The Oklahoma Policy Institute lays it all out here in its incredibly wonky and beautiful way as usual, but I see OKPolicy as part of the morass these days. I didn’t think this at one time, but now I do. The organization has absorbed The Oklahoma Observer, for example, and has become the token “liberal” viewpoint for the media, especially for The Oklahoman, but its centrist-to-left views hardly challenge the right-wing orthodoxy here. On some of the real important issues, such as the environmental impact of fracking in the state, OKPolicy doesn’t have much to say at all. Since its creation, the state voters have become more conservative and monolithic and apathetic. I guess you could say that about this blog, too. But I don’t get paid by or take my orders from corporations. I’ve never accepted one cent of advertising money or even contributions of any kind just to prove Okie Funk’s complete independence.
It can be absolutely scary when you don’t know what someone might say or do. Sometimes in the world of politics, and especially when it comes to political engagement, that can be a useful tool. We all know what OKPolicy and The Oklahoman are going to say or do. How will that sameness and repetition help people become more politically motivated? What new chart or statistical analysis will help us here? What groundbreaking, right-wing editorial will motivate some young person to become politically active and help end the earthquakes here in central Oklahoma?
Maybe, New York Times columnist and professor Paul Krugman is correct that politics these days is now all about the party. The Republicans here and elsewhere have moved so far to the extreme right, according to Krugman, there’s little to do but vote against a party and its ideas. It’s not about the individual running for office anymore. Ignore all that. Anyone but a Republican? But this can breed its own form of apathy, too.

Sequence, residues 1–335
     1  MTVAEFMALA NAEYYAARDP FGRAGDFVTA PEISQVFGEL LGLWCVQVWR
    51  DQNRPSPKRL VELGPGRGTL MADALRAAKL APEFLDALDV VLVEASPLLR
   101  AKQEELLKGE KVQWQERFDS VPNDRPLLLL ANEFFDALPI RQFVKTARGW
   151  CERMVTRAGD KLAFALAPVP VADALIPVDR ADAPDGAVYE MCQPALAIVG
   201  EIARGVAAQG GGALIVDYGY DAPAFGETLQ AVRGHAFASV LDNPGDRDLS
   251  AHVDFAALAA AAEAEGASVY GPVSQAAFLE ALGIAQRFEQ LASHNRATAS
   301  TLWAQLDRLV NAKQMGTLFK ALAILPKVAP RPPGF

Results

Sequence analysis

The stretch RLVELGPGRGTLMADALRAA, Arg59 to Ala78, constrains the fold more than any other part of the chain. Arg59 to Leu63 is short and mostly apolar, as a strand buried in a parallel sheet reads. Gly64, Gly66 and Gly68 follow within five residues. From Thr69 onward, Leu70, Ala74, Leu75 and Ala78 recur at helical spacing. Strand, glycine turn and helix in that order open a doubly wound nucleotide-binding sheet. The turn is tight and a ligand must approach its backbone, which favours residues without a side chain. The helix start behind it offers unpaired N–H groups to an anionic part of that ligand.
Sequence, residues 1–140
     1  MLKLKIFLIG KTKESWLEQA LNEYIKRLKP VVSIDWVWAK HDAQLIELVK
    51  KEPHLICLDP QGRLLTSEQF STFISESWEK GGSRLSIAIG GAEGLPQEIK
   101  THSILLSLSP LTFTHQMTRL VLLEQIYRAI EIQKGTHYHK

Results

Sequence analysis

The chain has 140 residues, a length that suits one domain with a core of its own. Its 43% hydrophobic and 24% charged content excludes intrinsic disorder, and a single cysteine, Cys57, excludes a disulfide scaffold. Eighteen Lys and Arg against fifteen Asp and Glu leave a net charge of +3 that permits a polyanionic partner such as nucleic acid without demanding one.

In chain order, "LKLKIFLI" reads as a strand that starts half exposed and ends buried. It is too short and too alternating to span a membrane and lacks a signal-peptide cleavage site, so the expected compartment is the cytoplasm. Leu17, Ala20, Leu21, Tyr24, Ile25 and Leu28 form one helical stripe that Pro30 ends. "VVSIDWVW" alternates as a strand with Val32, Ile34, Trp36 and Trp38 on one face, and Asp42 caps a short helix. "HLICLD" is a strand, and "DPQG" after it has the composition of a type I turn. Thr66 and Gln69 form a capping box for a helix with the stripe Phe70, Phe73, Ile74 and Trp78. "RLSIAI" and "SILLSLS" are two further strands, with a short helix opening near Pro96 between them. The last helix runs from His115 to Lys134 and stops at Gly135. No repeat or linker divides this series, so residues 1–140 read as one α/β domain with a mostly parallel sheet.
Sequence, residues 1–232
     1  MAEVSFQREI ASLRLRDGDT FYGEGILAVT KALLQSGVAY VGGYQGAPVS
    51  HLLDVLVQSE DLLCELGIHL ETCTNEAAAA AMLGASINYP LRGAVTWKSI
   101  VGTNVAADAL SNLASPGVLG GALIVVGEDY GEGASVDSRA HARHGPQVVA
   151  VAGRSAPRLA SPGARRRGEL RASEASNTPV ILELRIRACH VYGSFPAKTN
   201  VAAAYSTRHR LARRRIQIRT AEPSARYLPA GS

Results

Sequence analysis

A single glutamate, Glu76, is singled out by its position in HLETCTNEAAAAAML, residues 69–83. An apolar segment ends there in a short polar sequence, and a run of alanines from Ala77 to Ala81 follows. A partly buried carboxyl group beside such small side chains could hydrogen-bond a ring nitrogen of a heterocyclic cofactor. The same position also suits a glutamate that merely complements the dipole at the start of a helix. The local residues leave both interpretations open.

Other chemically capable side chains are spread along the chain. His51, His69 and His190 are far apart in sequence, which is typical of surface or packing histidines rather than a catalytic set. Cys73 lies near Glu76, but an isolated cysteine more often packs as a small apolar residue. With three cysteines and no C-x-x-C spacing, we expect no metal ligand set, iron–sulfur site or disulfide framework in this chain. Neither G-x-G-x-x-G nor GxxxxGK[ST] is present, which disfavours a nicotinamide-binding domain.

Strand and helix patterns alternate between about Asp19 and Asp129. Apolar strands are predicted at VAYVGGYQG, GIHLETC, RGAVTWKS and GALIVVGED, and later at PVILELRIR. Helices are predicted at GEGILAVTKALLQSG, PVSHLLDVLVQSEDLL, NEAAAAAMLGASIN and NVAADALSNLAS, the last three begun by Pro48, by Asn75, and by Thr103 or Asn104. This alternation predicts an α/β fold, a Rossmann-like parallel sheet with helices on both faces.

In the end, though, it might just be something in the water here in Oklahoma. Maybe it’s all the mental illness, the poor health care, the poverty, the closed minds, the religious fundamentalism, the denial of any personal agency for anyone seeking it, the tornadoes and now the earthquakes that no one will do anything about. Let’s just call it the vortex of apathy with two sides of anxiety.
Local corporate media coverage of the Sarah Palin book-signing event in Norman Thursday was overhyped and lacked perspective.
Local television stations gave it live coverage, and even Ed Kelley, editor of The Oklahoman, weighed in with his opinion that Palin, the former vice presidential candidate, is (drum roll, please) a “political rock star.”
Here’s the problem with all the hype: The crowd at Hastings in Norman was estimated at around 1,000. What’s the big deal? I bet more people show up at The Lost Ogle’s Snuggie Pub Crawl Saturday night. So will the snuggies get as much coverage? Also, compare that 1,000 number to the crowds of 75,000 and even 100,000 people that President Barack Obama would draw at speeches and events during his 2008 campaign.
The local media elites, including Kelley, also made a big point that the crowd showed up despite the cold, but, really, it wasn’t that cold. There wasn’t a huge ice or snowstorm looming. People who lined up outside the store needed coats, some gloves and maybe some ear protection because, well, it’s almost winter here on the prairie. No one was going to die of exposure. It can get cold in December.